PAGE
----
Wednesday, May 25, 2011

Another Reason to Homeschool

If there's one major thing I have learned over the last two years of homeschooling, it would be that it's imperative to remain FLEXIBLE.  Not as in yoga-flexible (although that's good), but as in time and attitude flexible.  Because stuff always comes up.  Life happens to you when you plan.  Expect it!  Then you won't be disappointed.  It is wise to plan for the unexpected and give yourself some wiggle room during your year, or cop an attitude of going with whatever happens.

We are trailing down to the end of the school year, but I don't have a date set wherein we'll officially stop.  Today Max yelled in celebratory parlance, "only three more days of school!"  Where did he come up with that number, I wonder?  We will likely continue on with some math through the summer courtesy of my extra generous husband who has agreed to strap the math load to his back.  Together they are working it out and I am humbly giddy about it!

With respect to being flexible, we dropped everything on Friday and made arrangements to fly to Minneapolis to attend my grandmother's funeral.  She was 99 years, 1 month and 2 days old.  Born in 1912, she lived out her entire life in a small farming community in Minnesota.  Those are my roots!  Deep in that black soil up there.  My grandparents were farmers and left me with many sweet memories of days on the farm, of all the animals they tended.  I spoke at her church service in an effort to share with everyone what it was like growing up as her granddaughter.  I hope I did the experience justice; she was a gift as a grandparent and I certainly was lucky to have her for 45 years.

This was Max's first funeral.  He's eleven, so I felt strongly about him attending and experiencing the custom of the wake and church service, even though we aren't active church goers.  He was extremely anxious about attending the wake as this would be the first time he would actually lay eyes on a real human being who had passed from life.  He had never seen a casket before, or a funeral home, or a cemetery, or his own grandparents crying.  It was an incredible experience from all angles and I couldn't help but observe him as the events unfolded.  It was an emotional ride for all of us, but overall Max handled everything very well.  He was exhausted by the time we boarded the plane last night to make it back to New Mexico in the wee hours.  Needless to say we slept in very late and completely ignored any school subjects today.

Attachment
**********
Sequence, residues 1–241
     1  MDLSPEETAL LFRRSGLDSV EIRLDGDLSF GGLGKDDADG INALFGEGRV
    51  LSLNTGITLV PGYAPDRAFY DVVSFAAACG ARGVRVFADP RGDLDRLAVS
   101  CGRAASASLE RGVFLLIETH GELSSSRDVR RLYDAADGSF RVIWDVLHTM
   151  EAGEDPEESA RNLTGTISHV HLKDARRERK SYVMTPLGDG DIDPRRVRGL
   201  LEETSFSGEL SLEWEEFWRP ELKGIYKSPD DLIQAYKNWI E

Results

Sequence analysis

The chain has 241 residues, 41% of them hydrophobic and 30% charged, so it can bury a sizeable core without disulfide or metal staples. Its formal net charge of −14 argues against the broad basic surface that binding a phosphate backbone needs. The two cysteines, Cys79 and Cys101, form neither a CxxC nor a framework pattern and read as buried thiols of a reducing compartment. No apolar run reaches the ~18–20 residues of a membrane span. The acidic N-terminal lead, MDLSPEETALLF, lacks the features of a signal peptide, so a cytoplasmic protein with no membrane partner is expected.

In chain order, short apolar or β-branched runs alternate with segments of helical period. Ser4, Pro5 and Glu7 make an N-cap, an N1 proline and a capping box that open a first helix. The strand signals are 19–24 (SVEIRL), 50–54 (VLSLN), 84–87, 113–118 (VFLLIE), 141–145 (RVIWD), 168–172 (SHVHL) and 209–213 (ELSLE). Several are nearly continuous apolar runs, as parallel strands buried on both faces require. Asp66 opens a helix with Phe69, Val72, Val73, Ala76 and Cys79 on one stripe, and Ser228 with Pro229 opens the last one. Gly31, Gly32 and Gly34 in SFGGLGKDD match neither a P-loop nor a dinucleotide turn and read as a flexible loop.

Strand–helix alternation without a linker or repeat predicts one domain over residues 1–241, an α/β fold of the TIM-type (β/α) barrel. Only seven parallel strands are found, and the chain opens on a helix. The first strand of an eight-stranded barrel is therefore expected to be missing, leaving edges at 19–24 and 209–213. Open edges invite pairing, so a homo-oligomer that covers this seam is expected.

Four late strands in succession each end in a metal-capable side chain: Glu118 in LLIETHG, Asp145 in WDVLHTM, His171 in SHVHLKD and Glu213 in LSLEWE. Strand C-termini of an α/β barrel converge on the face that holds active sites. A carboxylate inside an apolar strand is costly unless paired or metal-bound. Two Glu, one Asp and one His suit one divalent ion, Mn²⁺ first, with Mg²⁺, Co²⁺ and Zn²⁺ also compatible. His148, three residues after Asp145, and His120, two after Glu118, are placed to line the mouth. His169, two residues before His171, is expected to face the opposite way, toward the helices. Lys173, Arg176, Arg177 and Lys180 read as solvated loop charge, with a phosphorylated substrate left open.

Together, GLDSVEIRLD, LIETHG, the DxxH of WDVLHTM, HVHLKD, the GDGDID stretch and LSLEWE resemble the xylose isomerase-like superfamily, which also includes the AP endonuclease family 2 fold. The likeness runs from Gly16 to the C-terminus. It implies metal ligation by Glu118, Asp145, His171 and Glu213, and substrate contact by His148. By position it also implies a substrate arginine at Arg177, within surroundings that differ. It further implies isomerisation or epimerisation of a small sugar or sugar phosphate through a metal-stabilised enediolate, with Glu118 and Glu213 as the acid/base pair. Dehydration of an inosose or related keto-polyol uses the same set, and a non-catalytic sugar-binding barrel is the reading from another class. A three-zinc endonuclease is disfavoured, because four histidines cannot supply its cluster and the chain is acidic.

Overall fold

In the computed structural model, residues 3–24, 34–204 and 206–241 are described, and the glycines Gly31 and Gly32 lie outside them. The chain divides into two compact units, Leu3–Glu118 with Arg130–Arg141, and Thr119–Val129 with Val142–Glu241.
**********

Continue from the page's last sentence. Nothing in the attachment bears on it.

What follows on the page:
Not once did school or math or language arts cross my mind while we were gone. All of my energy was catapulted to another place so that I could say goodbye to my grandma the way I needed to and I was drinking up the farm, taking a walk through my memories.  An exemplary reason for homeschooling.  You can stop for as long as you need to to cope with life.  You are not bound to an arbitrary, contrived schedule dictated by others who are certainly not interested in the needs of your family.  You can create your own schedule on top of the ebb and flow of your own family's rhythms.

You can have space to grieve your losses.  The world needs more spaces like that!        

Monday, May 16, 2011

Gladly Passing the Reins

Tonight I popped THE question lovingly to my husband.  "Honey, would you consider taking over teaching math to Max?"  Without hesitation he asked to see where we were at in our quest and agreed to take the reins.  I am practically swooning with relief.  I need a break from Max's math monsters!  He holds such disdain for the material and it wears me out at times to try and find different ways to engage him.  We've just come off of a two week break and I can't tell you how nice it was not to have to deal with math-itis.  I've lamented about this many times on my blog and have wavered between loosening up on math, to changing curricula, to playing lots of math games, to not doing any math at all.  I was very excited to purchase the first Life of Fred book on fractions and thought for sure it would be a hit; Max is super-sleuth when it comes to sensing math, though, and he immediately recognized the book as such and lumped it into the "NO" category.  I adore the Life of Fred series.  Max enjoys the stories but resists working out the problems at the end of each chapter. 

I have come to the conclusion that Max, math and I should not hang out in the same room together, at least for the time being or the rest of this school year, which ever comes first.  We coexist very well with language arts, history, literature and geography, so we'll stick with those subjects in the 'Mom' camp.  Dad and Max can play video games, paint trim, practice skateboarding and do math together.  It should be great!  Mom is going to put up her feet and grab a good book (probably some nonfiction on how to teach kids math).

My husband is planning to make breakfast for Max in the morning and work on math together before he leaves for work.  We'll see how Day 1 goes........wish them luck!   

Later.........Day 3 and all is well so far.  Max and Dad are hammering away on least common denominators in the early morning and I haven't seen any formal complaints filed from either of them.  This is great!  Three days in and they are working well together.  It's given me a breath of fresh air to concentrate on all the other stuff we're doing.  Yay!  Max and I seem to be having a bit more fun during the day together!  

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